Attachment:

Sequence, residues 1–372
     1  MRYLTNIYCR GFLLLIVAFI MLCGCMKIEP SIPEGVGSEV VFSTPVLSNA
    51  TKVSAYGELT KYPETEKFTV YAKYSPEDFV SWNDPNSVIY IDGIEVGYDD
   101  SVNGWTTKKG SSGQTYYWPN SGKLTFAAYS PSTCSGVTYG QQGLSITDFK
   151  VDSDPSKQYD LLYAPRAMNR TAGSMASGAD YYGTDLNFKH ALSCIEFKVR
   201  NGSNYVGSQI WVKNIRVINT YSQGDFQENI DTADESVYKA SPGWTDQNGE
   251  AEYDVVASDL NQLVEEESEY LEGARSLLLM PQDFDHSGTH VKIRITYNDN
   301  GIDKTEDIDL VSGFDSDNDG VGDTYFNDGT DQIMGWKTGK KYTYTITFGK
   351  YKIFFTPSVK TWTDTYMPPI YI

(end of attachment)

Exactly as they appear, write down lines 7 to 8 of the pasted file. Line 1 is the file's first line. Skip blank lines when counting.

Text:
   251  AEYDVVASDL NQLVEEESEY LEGARSLLLM PQDFDHSGTH VKIRITYNDN
   301  GIDKTEDIDL VSGFDSDNDG VGDTYFNDGT DQIMGWKTGK KYTYTITFGK